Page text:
Ironman Coeur d’Alene 2015

Posted by on Jun 30, 2015 in Faith's Blog |

Ironman Coeur d’Alene Race Report June 28, 2015 The weekend started out with early travel with connecting flights through Seattle from Sacramento- travel was fairly uneventful besides long layovers. Made it to CDA through the help of another athlete that shares my coach in San Antonio, TX. I set my stuff at the house of a gentleman I met in Kona last year who is local to CDA and super generous. The house was close to the race start and was a perfect place to set up shop. I dropped off my gear and walked down to the expo where I retrieved my bike and packet. I try to stay away from the expo and focus on myself and my needs. In the weeks preceding the race I was watching the temperatures creep up to record highs for the PNW, the house I was staying in had no AC. I was situated upstairs with a window mounted AC unit which was working great the first day until it quit under the pressure of the heat. I knew I had to find new accommodations. I had worked this hard to get to CDA, I would never forgive myself if I wasn’t rested in the few days leading up to the race. Work always makes sleeping and training difficult so I usually use the travel day to a race as my sleep day- this hasn’t worked out in my favor so far this season. I was lucky and found a hotel and was able to get out of the heat from Friday evening until race start Sunday. I quickly bounced back to life after cooling off and focused on hydrating with water and electrolytes. I had my steak dinner Friday night and was able to relax with the EPIC tri club from back home. I was exciting to be around the group of first time IM athletes. Leading into this race I lacked excitement- largely due to stress at work and home, but also very nervous being my second full ironman distance race. Many say the second is much harder mentally. The first time you complete an IM you don’t know what you are in for, you’re so excited to hear Mike Riley call your name that nothing else matters. The second time mental doubt rings high in your head and the sense of monotony overcomes many. I never felt this way during the race. Being that the temperatures were so warm and I historically destroy myself mentally in the heat, I knew this was something I had to fight extra hard to overcome… It was a challenge within a challenge for me. The swim… nice rolling start. Self seeded myself in the swim < 60 min section towards the swim line. Got beat up the first 600 yards or so then found some open water. The run on the beach...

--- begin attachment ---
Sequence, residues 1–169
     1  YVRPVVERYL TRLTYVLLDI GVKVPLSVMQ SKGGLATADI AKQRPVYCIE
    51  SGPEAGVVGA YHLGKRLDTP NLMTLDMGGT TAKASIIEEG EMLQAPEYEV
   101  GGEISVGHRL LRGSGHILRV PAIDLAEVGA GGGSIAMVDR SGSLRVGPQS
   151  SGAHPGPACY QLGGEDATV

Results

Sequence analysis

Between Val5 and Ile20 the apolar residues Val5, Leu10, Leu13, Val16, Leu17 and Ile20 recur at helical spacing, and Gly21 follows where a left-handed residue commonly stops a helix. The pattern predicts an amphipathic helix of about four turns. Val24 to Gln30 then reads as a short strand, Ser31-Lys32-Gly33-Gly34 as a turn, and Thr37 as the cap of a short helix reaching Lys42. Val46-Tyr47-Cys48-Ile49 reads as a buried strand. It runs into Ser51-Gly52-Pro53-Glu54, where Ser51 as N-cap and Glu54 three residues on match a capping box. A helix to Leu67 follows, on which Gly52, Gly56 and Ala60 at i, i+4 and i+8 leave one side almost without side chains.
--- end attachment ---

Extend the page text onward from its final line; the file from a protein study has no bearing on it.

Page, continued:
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Ironman 70.3 St. George Race Report

Posted by on May 7, 2015 in Faith's Blog |